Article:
From jailbird to role model, DJ Fosta has an interesting story to tell.

Thulani Headman, aka DJ Fosta, has lived in Langa, an informal settlement outside of Cape Town, all his life. His dad, Cyril Ngcukana Headman, was a jazz musician and a well-known pianist for Peto music group, which won the Shell Road to Fame talent competition in 1986. He was the composer of the album title track “Khaya”.

“We were a household of musicians,” Fosta says. “I got into music when I was very young.” His mom didn’t want him to get involved in the music industry, as his father was often away from home, travelling and working long hours, but Fosta would steal cassettes from his father’s stash and record the Top 20 countdown on Metro radio station. “At family braais, I would take two tapes and start mixing them,” he says. “As time went on, I would create tunes on the piano. I was first influenced by jazz, and then by kwaito.”

He formed a group, called Genders, with his neighbour and they would DJ small local gigs and make music together in their spare time.

However, as Fosta was in his teen years and South Africa was grappling with the aftermath of the apartheid era, he began to rebel. His mother was a strict Jehovah’s Witness, and that meant Fosta was not allowed to do a lot of the things his friends could, like playing sport on a Saturday. “I was a very good soccer player,” he recalls. “I felt left out and angry when I had to drop out of the team because I couldn’t be at practice or games on a Saturday.”

He started to make friends with the wrong crowd and was soon involved in petty crime. He narrowly avoided being arrested a few times, but then he got caught. “My life changed when I got sentenced to jail time,” he says. “I pled guilty, which meant I got a reduced sentence.”

He served four years in prison, where he had a lot of time to think. “I realised that this was not who I wanted to be,” he says. “I knew I had talent, and I decided to change. I also realised I wanted to help change my whole community. I wanted to be one of the role models I wished I’d had.”

He chose the name Fosta for himself as a symbol of this change. “It’s Xhosa slang for ‘making things happen’”, he explains.

When he got out of jail in 2005, he and two old friends, Sindisa Cima and Thulani Fesi, their own label, 021 Records, with the aim of creating a platform for the artists in Cape Town to be represented. “We also started this label to release our own music and own our music and business,” says Fosta. “We then created demand using MXit and Bluetooth to share our music and make it viral. We were then booked to perform and that’s how we started generating revenue.”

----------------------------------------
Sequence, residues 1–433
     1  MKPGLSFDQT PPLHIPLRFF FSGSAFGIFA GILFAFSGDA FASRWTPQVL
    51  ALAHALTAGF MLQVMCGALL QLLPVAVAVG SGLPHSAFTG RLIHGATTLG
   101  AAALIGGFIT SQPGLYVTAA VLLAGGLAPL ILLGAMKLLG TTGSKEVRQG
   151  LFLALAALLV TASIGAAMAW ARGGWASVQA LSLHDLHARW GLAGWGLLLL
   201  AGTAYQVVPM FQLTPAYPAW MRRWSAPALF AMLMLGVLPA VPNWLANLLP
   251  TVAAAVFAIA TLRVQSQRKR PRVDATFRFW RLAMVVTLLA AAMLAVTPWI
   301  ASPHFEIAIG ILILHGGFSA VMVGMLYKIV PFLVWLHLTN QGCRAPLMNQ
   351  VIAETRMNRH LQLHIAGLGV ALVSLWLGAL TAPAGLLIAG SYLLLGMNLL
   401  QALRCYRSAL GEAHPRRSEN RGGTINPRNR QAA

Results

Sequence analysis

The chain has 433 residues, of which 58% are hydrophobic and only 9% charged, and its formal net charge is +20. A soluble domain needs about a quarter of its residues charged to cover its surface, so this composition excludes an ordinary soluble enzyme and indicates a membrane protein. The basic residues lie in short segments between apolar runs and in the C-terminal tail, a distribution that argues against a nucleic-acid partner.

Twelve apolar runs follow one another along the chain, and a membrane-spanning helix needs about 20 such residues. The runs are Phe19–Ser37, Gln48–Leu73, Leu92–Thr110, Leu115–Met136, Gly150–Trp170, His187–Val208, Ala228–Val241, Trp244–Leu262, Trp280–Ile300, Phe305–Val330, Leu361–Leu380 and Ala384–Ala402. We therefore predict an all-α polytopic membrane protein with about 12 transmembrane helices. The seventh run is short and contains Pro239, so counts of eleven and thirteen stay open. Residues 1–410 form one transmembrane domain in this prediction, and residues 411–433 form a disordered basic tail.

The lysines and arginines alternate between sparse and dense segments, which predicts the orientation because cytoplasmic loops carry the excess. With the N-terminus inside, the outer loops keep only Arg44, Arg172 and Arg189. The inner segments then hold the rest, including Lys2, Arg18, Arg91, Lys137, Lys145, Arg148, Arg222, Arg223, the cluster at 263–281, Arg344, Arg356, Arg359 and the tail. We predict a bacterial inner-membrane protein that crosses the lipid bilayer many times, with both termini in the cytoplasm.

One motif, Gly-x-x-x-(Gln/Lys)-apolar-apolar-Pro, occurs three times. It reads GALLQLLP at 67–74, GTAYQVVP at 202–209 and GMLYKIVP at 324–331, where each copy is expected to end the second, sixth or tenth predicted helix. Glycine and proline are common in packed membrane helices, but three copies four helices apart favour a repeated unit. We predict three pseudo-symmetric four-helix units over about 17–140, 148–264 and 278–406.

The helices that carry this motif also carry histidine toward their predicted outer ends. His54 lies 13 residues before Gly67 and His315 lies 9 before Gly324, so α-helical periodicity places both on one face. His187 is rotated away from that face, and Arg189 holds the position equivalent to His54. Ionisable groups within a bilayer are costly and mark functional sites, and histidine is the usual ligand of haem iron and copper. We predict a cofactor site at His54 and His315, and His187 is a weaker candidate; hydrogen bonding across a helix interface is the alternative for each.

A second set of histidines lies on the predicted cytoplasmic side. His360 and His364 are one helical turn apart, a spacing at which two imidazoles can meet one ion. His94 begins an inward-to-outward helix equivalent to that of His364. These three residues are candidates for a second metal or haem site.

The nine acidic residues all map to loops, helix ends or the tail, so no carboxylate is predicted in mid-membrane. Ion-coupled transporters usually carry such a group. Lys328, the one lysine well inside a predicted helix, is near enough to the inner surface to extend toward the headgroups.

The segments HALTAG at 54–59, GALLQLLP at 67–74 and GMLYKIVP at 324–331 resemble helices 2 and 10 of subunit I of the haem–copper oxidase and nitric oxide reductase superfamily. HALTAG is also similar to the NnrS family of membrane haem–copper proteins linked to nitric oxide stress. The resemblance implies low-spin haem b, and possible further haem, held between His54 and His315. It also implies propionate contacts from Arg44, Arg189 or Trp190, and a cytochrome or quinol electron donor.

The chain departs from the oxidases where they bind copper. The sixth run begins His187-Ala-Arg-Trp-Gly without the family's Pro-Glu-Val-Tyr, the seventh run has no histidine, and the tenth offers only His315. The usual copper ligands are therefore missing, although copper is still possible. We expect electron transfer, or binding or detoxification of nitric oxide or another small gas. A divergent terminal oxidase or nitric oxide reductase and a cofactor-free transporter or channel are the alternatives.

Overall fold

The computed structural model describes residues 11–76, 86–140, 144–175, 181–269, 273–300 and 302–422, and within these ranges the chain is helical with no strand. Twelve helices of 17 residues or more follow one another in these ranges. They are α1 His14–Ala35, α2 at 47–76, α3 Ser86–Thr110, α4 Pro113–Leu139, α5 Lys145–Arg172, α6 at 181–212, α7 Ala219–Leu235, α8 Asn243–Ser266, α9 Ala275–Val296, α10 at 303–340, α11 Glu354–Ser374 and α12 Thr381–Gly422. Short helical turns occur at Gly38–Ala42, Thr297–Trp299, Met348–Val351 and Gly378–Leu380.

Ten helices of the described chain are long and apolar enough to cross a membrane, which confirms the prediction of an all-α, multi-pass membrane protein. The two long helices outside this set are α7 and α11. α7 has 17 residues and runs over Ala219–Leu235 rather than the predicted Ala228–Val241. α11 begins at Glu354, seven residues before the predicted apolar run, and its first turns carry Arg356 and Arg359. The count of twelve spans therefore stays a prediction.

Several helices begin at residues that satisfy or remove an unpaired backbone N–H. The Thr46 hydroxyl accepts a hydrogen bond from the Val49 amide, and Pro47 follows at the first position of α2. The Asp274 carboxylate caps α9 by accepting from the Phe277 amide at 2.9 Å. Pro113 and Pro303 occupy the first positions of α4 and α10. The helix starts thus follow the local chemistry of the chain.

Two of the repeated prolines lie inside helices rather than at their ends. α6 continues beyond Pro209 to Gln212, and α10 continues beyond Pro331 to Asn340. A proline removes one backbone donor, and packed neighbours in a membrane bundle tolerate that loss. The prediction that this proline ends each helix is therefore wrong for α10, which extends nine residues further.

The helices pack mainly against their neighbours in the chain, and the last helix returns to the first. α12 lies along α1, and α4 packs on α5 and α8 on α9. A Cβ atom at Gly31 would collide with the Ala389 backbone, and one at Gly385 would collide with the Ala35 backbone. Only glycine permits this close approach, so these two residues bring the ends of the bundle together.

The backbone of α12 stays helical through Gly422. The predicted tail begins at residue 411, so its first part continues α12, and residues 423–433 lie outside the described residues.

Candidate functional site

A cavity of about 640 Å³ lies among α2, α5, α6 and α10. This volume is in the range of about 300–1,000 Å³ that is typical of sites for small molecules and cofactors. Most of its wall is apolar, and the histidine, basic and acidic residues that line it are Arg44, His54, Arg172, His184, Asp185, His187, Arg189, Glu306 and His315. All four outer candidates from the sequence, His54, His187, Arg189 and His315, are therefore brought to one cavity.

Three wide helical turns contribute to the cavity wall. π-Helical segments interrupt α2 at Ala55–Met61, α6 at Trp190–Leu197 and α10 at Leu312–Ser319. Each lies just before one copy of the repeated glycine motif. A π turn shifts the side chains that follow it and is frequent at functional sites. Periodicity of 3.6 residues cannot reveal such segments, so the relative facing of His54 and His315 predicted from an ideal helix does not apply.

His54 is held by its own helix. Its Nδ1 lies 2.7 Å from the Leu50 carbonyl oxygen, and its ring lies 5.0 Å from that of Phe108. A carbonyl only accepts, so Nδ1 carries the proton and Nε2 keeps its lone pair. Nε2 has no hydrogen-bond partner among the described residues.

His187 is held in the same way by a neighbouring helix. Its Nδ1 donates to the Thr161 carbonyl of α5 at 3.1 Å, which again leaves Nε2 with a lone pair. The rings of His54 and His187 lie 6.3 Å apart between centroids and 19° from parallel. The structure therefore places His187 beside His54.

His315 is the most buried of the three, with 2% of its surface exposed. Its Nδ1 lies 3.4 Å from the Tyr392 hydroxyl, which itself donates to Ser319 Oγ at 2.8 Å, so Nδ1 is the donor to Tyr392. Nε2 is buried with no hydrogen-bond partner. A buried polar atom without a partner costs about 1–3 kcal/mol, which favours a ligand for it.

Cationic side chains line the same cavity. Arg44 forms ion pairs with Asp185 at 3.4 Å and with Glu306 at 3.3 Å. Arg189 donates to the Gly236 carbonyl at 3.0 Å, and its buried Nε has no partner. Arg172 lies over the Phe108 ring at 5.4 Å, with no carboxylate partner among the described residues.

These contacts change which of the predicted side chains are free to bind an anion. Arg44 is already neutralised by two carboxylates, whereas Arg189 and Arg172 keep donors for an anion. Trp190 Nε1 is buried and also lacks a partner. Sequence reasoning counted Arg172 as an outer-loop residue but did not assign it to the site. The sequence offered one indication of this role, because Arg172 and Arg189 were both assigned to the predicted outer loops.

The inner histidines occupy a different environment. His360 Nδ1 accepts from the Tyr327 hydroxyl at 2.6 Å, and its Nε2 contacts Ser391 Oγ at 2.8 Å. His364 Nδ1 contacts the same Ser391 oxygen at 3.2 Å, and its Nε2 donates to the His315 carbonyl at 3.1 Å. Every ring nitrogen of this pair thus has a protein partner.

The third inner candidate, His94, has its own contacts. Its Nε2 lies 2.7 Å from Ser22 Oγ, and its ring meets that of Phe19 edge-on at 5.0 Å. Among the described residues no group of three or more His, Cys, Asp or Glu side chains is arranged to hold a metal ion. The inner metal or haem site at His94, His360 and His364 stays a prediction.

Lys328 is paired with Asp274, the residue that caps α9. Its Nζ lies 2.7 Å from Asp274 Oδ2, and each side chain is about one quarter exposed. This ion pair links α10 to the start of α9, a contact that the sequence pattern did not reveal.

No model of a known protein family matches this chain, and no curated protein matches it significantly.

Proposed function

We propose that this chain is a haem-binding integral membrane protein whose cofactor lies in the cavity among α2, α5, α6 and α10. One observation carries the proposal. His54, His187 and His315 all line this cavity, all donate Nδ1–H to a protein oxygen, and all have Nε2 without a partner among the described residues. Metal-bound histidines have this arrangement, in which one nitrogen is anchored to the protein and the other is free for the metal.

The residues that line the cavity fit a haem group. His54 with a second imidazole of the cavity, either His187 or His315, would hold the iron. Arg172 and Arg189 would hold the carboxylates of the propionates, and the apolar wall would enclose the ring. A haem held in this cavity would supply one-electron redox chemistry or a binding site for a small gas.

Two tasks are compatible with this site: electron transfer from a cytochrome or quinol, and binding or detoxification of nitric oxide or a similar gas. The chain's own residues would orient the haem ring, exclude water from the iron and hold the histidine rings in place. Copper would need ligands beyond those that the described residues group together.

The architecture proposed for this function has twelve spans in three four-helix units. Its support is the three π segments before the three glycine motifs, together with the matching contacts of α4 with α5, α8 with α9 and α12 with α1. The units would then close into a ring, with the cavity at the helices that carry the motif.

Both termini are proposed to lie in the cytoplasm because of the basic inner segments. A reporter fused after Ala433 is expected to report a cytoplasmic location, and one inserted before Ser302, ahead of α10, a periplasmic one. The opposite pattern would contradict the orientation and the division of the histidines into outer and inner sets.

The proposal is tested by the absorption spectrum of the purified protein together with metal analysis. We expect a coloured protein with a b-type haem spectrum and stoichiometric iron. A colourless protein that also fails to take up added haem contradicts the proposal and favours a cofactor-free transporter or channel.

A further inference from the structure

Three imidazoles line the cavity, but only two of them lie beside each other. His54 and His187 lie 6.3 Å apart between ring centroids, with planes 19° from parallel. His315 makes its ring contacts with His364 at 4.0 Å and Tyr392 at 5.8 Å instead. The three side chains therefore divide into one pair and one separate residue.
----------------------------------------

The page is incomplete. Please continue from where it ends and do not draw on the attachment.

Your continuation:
Their song Khulula – a blend of Kwaito and house – attracted the attention of DJ Euphonik, who played it on the radio. It became the no.1 hit on 5fm for four weeks running.

Fosta puts part of his success down to the fact that he makes music with meaning. “I don’t make music about flashy cars I don’t own,” he says. “I want to be real and make music that says ‘this is how life is’”.

He began sharing stages with bigger and bigger artists, and developing a reputation in Langa and beyond. He would use his own platforms to give other developing musicians an audience, seeking always to pay his opportunities forward.

In 2012, he met Valentino Barrioseta, a famous Ibiza-based promoter who was taking some time out in South Africa. The two struck up a friendship and decided to work together to help develop musical talent in Langa.

Later that year, the team hosted their first workshop. Valentino organised for international artists and equipment, and Fosta ensured the community knew about the event and supported it.

Valentino decided to relocate to South Africa, and started working towards his dream of building a music school in Langa. After five years of fundraising and three years’ of building, Nando’s came on board to help him finish the amazing work he had started.

In 2019, Bridges for Music Academy opened its doors. Fosta is the co-founder and operations manager. Despite all his personal success, which includes performing at Glastonbury Festival in the UK, and headlining several major events in South Africa and Abroad, he counts opening the school as his career highlight to date.

He hasn’t stopped dreaming big, however. His ultimate goal is to replicate the Bridges for Music Academy concept to open more schools to help more young musicians make their way into successful careers.

For more about Fosta, follow him on Facebook.